Wedding Photography Timeline | How Much Time Do You Need

While each and every wedding is unique, thus requiring a unique wedding photography timeline, it’s important to plan for and devote sufficient time to each part of the wedding day. In this guide, we will explore the parts of the day that are particularly relevant to wedding photography, providing guidance on how much time should be allotted to each.

Details: Dress, Shoes, Rings, and More – 30 minutes

Detail shots are the perfect way to start the story of your wedding day.  Not only have most couples spent countless hours picking out their accessories, matching colors, and ensuring textures complement one another, detail shots also give photographers an opportunity to create truly unique, artistic images for your album and/or gallery. 

To ensure that we have adequate time to capture beautiful photos of your wedding dress, rings, bouquets, and other details, build in at least 30 minutes of time.  This provides the photographer the space to create gorgeous lay-flats, find the best light, and potentially seek out more aesthetically pleasing compositions (let’s face it, sometimes hotel rooms are too cluttered or just not the look we’re going for).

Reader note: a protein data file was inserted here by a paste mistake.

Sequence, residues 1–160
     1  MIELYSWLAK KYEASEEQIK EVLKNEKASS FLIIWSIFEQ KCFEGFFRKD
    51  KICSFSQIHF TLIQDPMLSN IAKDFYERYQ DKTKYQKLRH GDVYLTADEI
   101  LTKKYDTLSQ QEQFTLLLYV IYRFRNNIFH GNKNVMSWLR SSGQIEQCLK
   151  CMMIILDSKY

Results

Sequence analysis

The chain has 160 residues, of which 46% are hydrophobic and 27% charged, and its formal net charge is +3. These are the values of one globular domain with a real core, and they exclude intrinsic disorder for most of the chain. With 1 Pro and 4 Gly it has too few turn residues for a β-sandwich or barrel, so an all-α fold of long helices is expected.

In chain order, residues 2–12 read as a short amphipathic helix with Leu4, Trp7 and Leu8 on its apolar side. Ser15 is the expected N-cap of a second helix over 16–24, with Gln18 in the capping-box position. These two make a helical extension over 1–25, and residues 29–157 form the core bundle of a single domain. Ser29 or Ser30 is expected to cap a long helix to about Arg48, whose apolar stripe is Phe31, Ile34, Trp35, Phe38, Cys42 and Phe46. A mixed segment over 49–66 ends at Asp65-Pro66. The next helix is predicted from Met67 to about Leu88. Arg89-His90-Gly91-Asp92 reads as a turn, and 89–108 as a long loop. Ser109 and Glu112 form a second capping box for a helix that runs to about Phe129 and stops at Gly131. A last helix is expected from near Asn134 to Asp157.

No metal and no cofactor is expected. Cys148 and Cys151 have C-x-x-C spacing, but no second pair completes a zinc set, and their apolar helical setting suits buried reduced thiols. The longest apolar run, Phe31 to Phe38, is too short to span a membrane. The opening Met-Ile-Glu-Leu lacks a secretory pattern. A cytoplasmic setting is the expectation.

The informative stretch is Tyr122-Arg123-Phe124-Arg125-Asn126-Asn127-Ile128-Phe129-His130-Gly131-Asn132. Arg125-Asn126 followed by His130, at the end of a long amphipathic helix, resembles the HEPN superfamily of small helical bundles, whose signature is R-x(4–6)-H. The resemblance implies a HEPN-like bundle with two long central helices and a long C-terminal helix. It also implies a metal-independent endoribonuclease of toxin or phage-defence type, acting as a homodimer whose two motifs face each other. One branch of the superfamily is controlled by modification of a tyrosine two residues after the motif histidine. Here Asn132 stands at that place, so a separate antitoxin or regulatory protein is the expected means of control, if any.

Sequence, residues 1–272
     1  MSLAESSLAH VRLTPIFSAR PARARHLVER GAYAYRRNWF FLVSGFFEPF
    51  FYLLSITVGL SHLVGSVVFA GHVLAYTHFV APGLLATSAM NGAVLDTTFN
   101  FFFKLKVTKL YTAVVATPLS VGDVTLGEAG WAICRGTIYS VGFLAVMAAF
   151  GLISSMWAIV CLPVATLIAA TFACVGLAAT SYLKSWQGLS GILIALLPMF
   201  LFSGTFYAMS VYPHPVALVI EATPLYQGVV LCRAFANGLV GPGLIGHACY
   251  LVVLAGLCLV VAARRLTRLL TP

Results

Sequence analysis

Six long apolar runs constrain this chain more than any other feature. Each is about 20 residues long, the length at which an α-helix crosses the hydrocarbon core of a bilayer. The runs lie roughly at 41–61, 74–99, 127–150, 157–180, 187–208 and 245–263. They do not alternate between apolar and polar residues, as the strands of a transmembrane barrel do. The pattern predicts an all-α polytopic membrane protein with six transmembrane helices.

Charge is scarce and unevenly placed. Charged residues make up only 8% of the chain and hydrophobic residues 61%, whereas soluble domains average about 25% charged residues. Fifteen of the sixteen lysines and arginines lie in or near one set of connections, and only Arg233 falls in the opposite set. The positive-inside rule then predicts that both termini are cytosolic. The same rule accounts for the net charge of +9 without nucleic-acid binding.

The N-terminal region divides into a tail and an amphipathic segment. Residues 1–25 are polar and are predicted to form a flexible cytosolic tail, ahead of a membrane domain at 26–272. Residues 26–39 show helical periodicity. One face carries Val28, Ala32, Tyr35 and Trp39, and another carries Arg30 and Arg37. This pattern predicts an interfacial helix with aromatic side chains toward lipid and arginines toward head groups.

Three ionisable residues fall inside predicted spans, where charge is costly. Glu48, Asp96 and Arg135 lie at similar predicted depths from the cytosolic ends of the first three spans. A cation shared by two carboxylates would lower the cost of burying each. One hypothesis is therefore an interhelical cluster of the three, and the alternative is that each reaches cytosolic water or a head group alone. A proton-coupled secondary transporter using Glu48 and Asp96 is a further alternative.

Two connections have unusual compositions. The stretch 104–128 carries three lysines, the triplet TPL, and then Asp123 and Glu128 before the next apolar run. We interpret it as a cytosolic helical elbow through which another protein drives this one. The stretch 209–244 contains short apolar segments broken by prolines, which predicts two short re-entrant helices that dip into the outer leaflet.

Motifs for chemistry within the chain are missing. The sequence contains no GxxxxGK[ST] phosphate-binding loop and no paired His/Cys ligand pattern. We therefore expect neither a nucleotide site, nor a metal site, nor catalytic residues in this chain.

Getting Ready – 60 minutes

For most couples, an hour of time devoted to getting ready photos is ideal.  We typically start capturing preparation pictures as the hair and makeup artists are putting on the finishing touches (so everyone looks their best!), and we focus on getting candid, authentic images of the bridesmaids and groomsmen getting ready, hanging out, and having a great time. 

During this portion of the day, it’s typical for the lead shooter to stay with the bride and for the second shooter to be with the groom.  If you choose a collection that doesn’t include a second photographer or would like for the lead to photograph both sides of the wedding party, plan on extending this an additional 30-60 minutes.  By allotting enough time to getting ready, we leave plenty of your timeline open for wedding photos.